Three commonly ignored causes of low energy

Author: Dr. Michelle Durkin on 29 June 2021

One of the first signs of declining health is low energy. But so often we blame our low energy on our busy lives, or ageing because our blood work comes back "normal".

I believe that is our first mistake.

There are many different causes of low energy and very few of them show up on blood work unless you have reached situation critical.

Here are three common reasons for low energy that are often missed if they are not on your radar for being deficient or even suboptimal.

1. Magnesium

Magnesium is used in over 200 enzymatic reactions in the body. Now that's a busy mineral! Also consider that we need multiple enzymatic reactions to occur in order to convert macronutrients, like carbohydrates, fats, and proteins into energy. When not enough magnesium is around energy production starts to slow down. Not only that, your stores of magnesium get depleted quicker when you are under stress. Higher stress, less magnesium, less energy production.

How do you know if you should try magnesium for fatigue? Other symptoms of magnesium deficiency include menstrual cramps, restless leg syndrome, constipation, muscle twitches, muscle cramps, or difficulty getting to sleep. If you have any of these symptoms along with fatigue it is worth trying. You can also check your levels of red blood cell magnesium to see if you are deficient.

2. CoQ10

CoQ10 is a critical nutrient in the mitochondrial electron transport chain. Mitochondria are the energy producing units in all of our cells. Think of them like your cell's battery. No battery, no power. No CoQ10, dead battery. This is especially true in our muscles cells, as muscle has the highest concentration of mitochondria.

Levels of CoQ10 in your body decrease as you age. CoQ10 levels have also been found to be lower in people with certain conditions, such as heart disease, and in those who take cholesterol-lowering drugs called statins.

How do you know if you should try coenzyme Q10 for fatigue? Conditions like hypertension, fibromyalgia syndrome, high cholesterol where you are taking a statin, or being elderly are situations where you are more likely to need CoQ10. There is no available blood test to see if you are deficient.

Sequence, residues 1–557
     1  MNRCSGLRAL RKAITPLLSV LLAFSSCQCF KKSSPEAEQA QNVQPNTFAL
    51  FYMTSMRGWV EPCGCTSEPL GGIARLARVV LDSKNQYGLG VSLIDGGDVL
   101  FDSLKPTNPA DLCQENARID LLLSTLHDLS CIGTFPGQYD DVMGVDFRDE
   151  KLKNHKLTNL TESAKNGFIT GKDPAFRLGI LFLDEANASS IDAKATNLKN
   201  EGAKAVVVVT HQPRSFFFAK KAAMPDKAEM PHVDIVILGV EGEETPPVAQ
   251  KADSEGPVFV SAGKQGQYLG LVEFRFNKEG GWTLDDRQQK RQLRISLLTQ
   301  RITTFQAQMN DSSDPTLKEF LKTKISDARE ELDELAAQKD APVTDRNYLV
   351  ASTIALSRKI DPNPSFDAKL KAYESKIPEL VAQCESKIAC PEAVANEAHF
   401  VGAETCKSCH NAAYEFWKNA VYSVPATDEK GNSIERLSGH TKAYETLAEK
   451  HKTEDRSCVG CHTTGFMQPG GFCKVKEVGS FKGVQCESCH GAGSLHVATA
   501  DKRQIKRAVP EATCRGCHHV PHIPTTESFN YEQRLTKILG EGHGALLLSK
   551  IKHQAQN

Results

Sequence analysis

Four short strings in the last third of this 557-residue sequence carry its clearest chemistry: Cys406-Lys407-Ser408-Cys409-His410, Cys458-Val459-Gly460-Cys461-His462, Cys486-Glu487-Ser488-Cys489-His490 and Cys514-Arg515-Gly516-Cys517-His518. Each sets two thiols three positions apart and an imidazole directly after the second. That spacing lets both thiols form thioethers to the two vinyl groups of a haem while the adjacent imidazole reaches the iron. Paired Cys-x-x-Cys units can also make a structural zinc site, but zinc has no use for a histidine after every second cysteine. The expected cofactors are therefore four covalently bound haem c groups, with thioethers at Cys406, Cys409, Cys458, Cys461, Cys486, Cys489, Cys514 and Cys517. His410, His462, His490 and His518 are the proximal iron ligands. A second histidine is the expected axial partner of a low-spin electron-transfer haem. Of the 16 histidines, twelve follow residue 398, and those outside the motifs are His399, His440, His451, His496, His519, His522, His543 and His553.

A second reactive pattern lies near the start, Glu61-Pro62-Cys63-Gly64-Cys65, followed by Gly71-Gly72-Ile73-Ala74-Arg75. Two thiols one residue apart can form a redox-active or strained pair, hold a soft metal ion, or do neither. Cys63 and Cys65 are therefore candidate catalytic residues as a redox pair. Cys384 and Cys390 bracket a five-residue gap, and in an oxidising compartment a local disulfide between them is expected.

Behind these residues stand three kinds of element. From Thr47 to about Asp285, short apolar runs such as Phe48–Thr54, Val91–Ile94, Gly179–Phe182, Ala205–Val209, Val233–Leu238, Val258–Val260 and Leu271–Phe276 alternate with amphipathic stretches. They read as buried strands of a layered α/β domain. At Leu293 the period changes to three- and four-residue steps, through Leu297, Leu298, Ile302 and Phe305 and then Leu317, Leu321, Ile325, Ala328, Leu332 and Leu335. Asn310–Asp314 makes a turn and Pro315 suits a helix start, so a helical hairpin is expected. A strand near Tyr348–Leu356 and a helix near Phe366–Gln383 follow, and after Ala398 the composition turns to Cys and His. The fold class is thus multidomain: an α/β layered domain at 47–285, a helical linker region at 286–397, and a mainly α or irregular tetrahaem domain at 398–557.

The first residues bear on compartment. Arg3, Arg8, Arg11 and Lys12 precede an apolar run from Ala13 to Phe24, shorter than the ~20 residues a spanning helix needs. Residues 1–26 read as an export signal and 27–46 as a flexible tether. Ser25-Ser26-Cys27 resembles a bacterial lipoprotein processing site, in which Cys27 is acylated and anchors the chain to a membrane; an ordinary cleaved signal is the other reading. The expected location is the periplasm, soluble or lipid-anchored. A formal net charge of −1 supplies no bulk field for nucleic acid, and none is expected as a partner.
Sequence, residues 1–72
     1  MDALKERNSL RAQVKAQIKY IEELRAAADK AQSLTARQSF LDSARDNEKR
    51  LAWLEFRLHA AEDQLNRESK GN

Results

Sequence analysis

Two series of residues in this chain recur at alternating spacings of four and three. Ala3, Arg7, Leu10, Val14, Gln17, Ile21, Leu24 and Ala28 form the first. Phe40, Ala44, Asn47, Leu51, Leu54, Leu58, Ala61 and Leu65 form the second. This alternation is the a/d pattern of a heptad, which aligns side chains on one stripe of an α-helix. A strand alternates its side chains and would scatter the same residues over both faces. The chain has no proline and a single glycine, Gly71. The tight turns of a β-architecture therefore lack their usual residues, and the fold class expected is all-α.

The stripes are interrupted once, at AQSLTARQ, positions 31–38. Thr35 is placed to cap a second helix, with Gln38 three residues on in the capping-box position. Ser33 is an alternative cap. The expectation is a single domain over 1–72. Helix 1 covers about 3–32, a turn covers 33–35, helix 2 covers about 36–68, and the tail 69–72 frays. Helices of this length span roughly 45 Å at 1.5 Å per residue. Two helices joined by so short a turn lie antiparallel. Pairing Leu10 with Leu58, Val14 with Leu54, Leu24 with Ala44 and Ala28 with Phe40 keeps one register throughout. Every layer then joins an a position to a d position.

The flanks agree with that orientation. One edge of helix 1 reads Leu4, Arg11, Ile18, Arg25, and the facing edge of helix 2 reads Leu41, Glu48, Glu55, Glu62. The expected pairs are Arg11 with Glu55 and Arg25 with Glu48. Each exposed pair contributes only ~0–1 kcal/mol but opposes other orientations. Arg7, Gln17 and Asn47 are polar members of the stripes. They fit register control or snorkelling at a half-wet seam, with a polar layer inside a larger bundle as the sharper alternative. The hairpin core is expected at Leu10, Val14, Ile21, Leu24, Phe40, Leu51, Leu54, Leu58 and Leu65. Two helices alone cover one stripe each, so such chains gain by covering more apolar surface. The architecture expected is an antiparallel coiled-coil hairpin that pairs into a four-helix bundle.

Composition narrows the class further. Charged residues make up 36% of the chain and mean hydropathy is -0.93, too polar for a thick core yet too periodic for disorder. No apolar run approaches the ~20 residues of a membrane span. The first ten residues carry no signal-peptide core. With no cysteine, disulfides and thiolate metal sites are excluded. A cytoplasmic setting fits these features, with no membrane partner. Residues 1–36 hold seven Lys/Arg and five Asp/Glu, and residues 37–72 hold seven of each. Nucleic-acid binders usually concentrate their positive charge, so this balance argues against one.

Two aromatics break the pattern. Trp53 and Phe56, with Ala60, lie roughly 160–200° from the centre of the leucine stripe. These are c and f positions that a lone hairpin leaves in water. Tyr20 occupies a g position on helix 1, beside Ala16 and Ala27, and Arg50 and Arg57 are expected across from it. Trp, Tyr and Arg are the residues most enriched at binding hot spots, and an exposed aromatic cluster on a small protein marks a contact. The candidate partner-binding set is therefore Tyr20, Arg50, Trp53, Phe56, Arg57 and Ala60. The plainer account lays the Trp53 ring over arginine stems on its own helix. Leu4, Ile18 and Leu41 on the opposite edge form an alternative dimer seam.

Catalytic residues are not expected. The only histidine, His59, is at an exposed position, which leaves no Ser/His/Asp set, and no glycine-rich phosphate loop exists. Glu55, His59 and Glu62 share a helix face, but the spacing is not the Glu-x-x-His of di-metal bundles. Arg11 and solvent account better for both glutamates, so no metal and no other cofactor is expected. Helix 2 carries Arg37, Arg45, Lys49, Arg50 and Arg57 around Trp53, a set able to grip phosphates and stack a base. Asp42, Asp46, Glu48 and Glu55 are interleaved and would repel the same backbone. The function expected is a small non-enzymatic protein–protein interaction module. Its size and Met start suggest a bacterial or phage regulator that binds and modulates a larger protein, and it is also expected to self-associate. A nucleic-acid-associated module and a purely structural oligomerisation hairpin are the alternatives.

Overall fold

3. Oxygen

Oxygen is carried to our cells in the bloodstream via a taxi that we call hemoglobin. The main nutrient needed for sufficient levels of hemoglobin is iron. What is the major symptom of iron deficiency anemia? You guessed it - fatigue.

But you don't need to have low iron to have low oxygen. Other under appreciated causes of poor oxygen saturation include lack of regular exercise, smoking, sleep apnea, and even just shallow breathing.

How do you know if lack of oxygen is causing your fatigue? Start with just ten minutes of belly breathing a day for a few weeks and see if you start to feel better. Other lifestyle changes like regular exercise and smoking cessation have so many other benefits that they are worth doing anyway. As for sleep apnea, maybe a sleep study is indicated. Last but not least you can have your hemoglobin and ferritin checked in the blood.

Now I would love to hear from you! Which of these causes surprised you the most? Leave a comment below & I'll be back next week with another edition of Doctor as Teacher Tuesday!

7 Replies to “Three commonly ignored causes of low energy”

Dave Burke

I am 76 and have low energy a few times a week. Can you advise on the best and easiest way to increase iron and magnesium levels . Would it be diet or are there some pills I could take daily ( like vitamins) ? Thanks for your time.. I still golf and curl.

Erin McMahon

CoQ10 surprised me the most! I’m definitely going to check into this one & see if adding it helps make the difference in my case. Also, thanks for the reminder re: magnesium, as I’m more stressed than ever. So it makes sense that I’m naturally depleting this faster. I’ve also “fallen off the yoga wagon,” so I’ll be returning to my practice. Many thanks for your Teacher Tuesday!

Dr Michelle Durkin ND

You’re welcome Erin!

Dr Michelle Durkin ND

Hi Dave,
You could try increasing your dietary sources of these nutrients first and then check your blood levels after about 3 months.
For Mg – dark leafy greens, oatmeal, buckwheat, nuts & seed, lima beans, and molasses.
For iron – red meat or liver is best because it is a heme iron source. I would look for grass-fed options to ensure quality.
Non-heme iron sources like spinach are much harder to absorb as you get older.

Divya Malik

CoQ10 was a surprise for me couple of years when I was suffering from chronic fibromyalgia. Now I am better but I wish I knew better early on!

Christian Bertelsen

Thanks for the info.
I get plenty of magnesium both in taking magnesium citrate and transdermally in epsom salt baths.
However I have neglected Q10 and exercises, hence fatigue.
This will be corrected. Hopefully I will have good news when we meet again.

Dr Michelle Durkin ND

You’re welcome Chris! I look forward to your update.

Leave a Comment

Your email address will not be published.

Do you like these posts? Sign up for Dr. Durkin's Apple a Day ....

Apple A Day is where you can find small, digestible, practical action steps to help you feel your best, one apple at a time.

Apple a Day

Quinte Naturopathic Centre

173 Church Street

Belleville, ON K8N 3C1


Hours of Operation:

Monday 10am - 7pm

Tuesday 9am - 6pm

Wednesday 9am - 6pm

Thursday 9am - 6pm

Friday 9am - 2pm


NOTE: Our building is not wheelchair accessible